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21st century care

Laura Bell

Laura Bell, Communications and Engagement Officer at National Voices, summarises some of the key takeaways from our conference on putting people and communities at the centre, jointly hosted with the Richmond Group of Charities and NHS England.

  • Person-centred care
  • Primary care
  • Health inequalities

Last week National Voices teamed up with the Richmond Group of Charities and NHS England to host a national conference called ‘Putting people and communities at the centre: creating the 21st century model of care’. The day explored what needs to happen to make the NHS Long Term Plan work for people living with long term conditions and frailty.

It was great to be in a room with so many enthusiastic and passionate people who were ready to make person-centred care a reality for the 15 million people in England living with one or more long term health conditions.


The day opened with a presentation from James Sanderson, Director of Personalised Care at NHS England and Charlotte Augst, National Voices’ Chief Executive. James laid out the ambitions for Universal Personalised Care – the plan to roll out person-centred practices like shared decision making, care planning and social prescribing – which was a good scene setter for the rest of the day. Charlotte stressed the challenge we face in being at the tail end of austerity and needing to ‘build the infrastructure as we ride it’, including voluntary sector infrastructure bodies. After all, you can’t prescribe a peer support group to someone if there is no community service there to provide it. The voluntary sector offers lots of services that improve wellbeing and social connectedness, but it is not free. It does not run on fresh air and kind words.


A key theme that came through from the day was the need for collaboration – between different parts of the statutory sector, voluntary sector organisations and indeed across the two. No single organisation, place or person can provide appropriate support to every aspect of a person’s life. But if we all work together, bringing our expertise and acknowledging when we’re not best placed to solve issues, we’ll have a better chance of making the ambitions in the Long Term Plan a reality.

Primary care networks have a key role to play in integrating GP practices, NHS community health services, social care and voluntary sector organisations, so that people can get timely access to appropriate support. Primary care is an area that National Voices is excited to be working in, as our Director of Policy explains in his recent blog [INTERNAL LINK]. An engaging speech from Dr Nikita Kanani brought to life how primary care networks hope to deliver preventative, personalised care and support for communities. But she echoed Charlotte’s earlier warning that we need to invest in voluntary sector infrastructure if we are to fully realise the networks’ potential.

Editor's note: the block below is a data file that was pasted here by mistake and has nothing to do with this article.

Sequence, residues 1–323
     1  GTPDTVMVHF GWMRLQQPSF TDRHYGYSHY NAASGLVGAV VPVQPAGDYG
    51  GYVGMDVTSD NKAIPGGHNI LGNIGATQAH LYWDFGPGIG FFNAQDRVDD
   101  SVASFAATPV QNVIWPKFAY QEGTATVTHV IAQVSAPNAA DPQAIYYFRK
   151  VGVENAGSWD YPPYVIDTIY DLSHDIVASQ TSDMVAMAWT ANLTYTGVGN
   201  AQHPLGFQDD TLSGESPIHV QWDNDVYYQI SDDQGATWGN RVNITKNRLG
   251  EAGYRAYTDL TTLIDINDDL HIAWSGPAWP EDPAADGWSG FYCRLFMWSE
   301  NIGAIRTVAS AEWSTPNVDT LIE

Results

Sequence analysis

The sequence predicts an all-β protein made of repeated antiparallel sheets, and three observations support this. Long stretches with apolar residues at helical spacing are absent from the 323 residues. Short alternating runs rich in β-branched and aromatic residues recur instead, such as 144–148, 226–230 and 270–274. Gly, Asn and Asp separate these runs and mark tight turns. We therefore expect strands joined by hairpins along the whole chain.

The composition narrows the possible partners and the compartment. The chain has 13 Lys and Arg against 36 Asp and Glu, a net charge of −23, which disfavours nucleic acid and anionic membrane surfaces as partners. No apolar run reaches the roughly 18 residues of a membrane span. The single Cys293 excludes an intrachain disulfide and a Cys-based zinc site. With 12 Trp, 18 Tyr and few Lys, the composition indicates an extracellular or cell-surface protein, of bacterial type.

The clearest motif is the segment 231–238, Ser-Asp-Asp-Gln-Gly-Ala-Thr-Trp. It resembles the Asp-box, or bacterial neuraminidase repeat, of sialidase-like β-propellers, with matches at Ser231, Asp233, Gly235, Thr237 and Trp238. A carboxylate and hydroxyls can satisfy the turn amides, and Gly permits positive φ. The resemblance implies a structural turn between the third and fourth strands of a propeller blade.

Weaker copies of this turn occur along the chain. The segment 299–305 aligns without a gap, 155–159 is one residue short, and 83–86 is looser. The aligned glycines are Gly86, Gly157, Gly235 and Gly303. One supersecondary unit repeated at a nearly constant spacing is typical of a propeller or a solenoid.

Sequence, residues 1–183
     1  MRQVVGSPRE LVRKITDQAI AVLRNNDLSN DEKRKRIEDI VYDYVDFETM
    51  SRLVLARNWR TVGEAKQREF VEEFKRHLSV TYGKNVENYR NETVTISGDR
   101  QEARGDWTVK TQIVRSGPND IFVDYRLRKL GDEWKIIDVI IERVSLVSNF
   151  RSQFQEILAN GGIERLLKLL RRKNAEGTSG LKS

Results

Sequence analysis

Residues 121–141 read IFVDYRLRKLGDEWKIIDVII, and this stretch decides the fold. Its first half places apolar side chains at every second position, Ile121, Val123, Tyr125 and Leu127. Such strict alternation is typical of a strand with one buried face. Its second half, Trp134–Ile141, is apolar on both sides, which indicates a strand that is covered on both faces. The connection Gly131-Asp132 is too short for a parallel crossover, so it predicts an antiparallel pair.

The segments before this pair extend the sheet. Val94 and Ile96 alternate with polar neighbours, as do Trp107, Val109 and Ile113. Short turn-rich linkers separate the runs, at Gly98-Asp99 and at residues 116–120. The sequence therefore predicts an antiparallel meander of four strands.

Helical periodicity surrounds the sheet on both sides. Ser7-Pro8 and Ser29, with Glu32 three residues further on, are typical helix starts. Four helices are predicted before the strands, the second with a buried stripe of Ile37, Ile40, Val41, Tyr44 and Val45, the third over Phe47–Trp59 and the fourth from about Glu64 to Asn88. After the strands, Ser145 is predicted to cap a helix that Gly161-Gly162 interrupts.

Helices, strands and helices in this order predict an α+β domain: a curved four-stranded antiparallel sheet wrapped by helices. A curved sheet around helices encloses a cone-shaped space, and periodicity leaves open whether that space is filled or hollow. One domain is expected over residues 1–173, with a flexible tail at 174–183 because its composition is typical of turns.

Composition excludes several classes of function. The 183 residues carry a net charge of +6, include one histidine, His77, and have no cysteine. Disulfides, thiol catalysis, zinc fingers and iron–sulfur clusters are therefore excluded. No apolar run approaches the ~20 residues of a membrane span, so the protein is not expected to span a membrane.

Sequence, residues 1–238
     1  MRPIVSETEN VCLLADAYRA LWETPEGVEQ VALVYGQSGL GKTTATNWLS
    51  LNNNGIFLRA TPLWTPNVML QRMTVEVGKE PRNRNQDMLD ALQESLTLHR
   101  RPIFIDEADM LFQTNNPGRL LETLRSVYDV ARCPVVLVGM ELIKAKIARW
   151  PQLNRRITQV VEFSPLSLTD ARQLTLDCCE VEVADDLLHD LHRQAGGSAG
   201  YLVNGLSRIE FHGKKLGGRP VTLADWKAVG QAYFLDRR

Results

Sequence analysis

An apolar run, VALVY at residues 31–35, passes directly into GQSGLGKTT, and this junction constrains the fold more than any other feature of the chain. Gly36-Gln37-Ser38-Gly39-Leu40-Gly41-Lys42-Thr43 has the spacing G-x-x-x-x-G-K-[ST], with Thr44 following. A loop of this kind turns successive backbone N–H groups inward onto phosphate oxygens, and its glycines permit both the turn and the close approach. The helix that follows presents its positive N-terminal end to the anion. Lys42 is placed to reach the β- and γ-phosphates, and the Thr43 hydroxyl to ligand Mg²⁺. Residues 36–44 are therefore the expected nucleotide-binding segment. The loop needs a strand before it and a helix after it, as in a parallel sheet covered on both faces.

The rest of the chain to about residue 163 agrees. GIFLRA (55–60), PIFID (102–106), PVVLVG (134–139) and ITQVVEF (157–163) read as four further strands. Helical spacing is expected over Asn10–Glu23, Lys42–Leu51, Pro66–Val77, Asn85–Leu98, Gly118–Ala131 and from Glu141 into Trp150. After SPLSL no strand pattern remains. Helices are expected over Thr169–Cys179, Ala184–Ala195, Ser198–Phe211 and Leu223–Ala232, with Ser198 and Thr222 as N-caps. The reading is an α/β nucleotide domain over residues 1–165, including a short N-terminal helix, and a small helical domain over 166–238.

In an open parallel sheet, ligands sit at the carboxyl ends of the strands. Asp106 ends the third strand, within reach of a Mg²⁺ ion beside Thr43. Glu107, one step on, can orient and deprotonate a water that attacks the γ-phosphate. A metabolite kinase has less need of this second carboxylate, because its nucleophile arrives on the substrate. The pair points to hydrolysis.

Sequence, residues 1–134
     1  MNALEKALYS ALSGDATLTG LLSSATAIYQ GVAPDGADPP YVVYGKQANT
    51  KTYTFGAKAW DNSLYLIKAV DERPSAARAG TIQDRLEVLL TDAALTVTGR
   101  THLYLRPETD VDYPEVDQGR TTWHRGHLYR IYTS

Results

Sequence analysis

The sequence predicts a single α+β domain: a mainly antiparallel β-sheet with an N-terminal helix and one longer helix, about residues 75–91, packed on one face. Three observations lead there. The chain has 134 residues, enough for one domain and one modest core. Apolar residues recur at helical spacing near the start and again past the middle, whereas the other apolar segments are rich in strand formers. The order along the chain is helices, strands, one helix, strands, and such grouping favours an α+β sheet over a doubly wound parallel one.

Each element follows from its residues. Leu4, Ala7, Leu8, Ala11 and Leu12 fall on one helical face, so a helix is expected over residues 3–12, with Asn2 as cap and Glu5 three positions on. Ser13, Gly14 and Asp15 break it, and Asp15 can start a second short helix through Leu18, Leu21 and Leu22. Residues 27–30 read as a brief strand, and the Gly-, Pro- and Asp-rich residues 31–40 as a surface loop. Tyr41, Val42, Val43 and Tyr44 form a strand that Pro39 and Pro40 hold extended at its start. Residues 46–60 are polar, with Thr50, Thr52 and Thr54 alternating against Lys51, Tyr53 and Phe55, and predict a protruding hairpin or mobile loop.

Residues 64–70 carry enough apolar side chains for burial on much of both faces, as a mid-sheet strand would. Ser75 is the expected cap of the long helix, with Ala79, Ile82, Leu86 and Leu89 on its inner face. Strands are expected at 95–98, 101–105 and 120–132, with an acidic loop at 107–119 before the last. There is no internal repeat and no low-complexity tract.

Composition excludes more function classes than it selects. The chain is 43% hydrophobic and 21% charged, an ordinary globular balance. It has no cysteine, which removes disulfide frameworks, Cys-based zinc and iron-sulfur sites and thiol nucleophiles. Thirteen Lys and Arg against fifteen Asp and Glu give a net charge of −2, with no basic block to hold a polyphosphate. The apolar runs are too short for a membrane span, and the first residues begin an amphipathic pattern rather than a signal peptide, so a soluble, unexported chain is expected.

Rhetoric to Reality

For me personally, the day made me reflect on National Voices and our role in making person-centred coordinated care a reality. National Voices was set up 10 years ago with the ambition of getting person-centred care firmly on the national policy agenda. Now, with the publication of the NHS Long Term Plan and the roll out of Universal Personalised Care and the Comprehensive Model; with conference halls filled with enthusiastic people all united in their excitement for the potential positive impact of holistic, coordinated care, I think it’s fair to say that, in broad terms, the policy argument is won.

The challenge now is to make that good stuff happen every day, in GP practices, clinics and community health services across the country. We know it won’t be easy. Workforce shortages, lack of resources and an entrenched paternalistic culture mean that what we’re asking for is counter-cultural. And it’s hard. It’s easier not to dig deeper to understand the real reason an elderly lady is going to see her GP every week. It’s less work if you don’t have to arrange a multidisciplinary team meeting to discuss one person’s complex needs, and it takes less time if you don’t have to have a care planning conversation. But as Charlotte said in her speech, the prize – better care for the many people who currently experience bad outcomes – is so valuable, we can’t afford not to try.